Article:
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Bad economy kills this year's DigitalLife Expo

The annual tech trade show, typically held each fall at New York's Jacob Javits Convention Center, has been "postponed" until 2009, according to organizer Ziff Davis Media.

Citing economic troubles, Ziff Davis Media has canceled this year's DigitalLife Expo, a trade show held each fall at New York's Jacob Javits Convention Center.

"The poor economic conditions have created a very different and difficult dynamic for us this year, and we weren't confident that we could present a show experience that was consistent with the successes of prior years," DigitalLife Vice President Paul O'Reilly said in an e-mailed statement. "Hopefully, a bigger and stronger DigitalLife will return in 2009. We will make additional announcements about the future of the show when details are available."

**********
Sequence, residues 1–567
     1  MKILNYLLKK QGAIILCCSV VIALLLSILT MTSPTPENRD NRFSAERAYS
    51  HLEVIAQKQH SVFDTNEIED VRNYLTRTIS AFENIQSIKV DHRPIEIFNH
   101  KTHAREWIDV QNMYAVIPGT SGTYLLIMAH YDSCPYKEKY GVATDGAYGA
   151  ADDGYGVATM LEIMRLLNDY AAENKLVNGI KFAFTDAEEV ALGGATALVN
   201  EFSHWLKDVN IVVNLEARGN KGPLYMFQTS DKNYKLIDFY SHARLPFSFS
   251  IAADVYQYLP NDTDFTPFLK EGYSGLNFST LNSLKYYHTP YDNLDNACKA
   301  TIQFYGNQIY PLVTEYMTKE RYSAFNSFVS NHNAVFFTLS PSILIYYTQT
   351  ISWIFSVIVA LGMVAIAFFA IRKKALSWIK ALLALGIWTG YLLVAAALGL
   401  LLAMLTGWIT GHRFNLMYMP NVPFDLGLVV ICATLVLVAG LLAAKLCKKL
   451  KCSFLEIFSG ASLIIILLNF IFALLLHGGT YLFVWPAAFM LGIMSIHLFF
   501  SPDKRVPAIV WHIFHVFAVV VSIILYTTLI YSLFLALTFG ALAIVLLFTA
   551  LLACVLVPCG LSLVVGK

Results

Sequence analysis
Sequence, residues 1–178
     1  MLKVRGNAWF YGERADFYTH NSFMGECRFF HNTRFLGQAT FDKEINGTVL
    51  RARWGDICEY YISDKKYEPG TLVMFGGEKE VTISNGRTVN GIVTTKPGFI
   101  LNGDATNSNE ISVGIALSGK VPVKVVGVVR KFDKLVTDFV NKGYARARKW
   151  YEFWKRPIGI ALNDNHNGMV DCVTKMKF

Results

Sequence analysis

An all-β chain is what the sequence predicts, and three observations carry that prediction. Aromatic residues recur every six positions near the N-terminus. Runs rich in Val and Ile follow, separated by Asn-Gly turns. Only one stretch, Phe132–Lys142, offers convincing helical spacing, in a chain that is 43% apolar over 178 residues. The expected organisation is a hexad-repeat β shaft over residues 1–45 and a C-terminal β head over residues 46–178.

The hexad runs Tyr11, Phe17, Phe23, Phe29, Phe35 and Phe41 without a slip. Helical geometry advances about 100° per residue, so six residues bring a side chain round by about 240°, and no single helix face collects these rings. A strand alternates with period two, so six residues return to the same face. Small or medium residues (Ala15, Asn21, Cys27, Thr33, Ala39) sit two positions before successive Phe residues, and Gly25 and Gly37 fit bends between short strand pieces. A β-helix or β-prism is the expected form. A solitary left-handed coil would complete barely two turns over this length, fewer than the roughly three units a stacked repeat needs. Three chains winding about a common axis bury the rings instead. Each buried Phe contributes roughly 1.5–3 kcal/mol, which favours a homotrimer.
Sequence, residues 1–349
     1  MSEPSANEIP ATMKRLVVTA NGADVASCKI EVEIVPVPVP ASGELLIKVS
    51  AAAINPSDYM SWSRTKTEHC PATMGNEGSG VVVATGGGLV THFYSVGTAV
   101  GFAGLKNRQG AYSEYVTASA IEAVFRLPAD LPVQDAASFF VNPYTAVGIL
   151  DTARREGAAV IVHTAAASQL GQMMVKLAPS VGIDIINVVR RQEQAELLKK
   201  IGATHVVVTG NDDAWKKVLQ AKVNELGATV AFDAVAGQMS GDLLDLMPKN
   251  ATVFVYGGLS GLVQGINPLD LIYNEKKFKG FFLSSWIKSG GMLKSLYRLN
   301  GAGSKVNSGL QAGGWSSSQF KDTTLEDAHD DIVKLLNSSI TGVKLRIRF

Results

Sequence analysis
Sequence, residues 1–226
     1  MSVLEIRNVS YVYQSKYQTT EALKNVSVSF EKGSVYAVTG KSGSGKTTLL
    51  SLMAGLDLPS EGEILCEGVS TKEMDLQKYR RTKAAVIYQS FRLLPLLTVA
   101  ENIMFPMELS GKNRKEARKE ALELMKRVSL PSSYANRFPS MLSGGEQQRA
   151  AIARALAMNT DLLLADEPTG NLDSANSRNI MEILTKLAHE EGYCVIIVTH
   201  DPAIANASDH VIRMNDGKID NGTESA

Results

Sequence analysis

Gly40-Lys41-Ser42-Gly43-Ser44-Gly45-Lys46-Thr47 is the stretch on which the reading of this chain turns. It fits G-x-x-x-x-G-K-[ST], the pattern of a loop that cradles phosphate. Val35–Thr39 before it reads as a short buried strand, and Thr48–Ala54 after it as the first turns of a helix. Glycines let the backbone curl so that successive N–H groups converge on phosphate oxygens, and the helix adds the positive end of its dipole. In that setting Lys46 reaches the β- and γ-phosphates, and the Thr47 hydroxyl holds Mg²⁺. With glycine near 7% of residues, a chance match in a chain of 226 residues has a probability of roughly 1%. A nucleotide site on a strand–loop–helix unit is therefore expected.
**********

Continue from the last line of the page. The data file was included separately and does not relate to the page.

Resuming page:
Besides the economic issues, DigitalLife had additional problems. Namely, last year's expo just wasn't very good. It couldn't define itself as a worthwhile alternative to the Consumer Electronics Show, it was short on new product debuts (with the exception of some cool new iRobot toys), and the show floor's highlights were an awkward mishmash of electronics, Web start-ups, and products with which most geeks were already very familiar. It was a noticeable downturn from the more happening DigitalLife 2006.

Until the cancellation, the beleaguered Ziff Davis' apparent strategy was to put more of a focus on gaming for the 2008 edition.

Furthermore, this spring a blow was struck to the city-sanctioned "Digital Technology Week" that had surrounded the expo for the past few years: Mayor Michael Bloomberg ordained the first annual "Internet Week New York" in early June, leaving Digital Technology Week to languish in the Department of Redundancy.